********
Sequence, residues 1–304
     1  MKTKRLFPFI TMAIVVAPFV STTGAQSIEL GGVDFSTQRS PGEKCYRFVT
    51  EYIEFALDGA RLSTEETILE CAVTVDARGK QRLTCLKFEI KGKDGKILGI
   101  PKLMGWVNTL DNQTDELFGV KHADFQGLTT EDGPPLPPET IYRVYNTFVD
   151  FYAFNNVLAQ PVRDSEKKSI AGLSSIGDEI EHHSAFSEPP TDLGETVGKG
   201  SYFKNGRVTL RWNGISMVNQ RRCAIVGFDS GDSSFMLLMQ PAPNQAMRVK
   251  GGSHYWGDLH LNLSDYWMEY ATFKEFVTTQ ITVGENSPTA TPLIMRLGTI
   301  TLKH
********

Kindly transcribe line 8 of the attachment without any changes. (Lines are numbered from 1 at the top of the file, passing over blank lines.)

   301  TLKH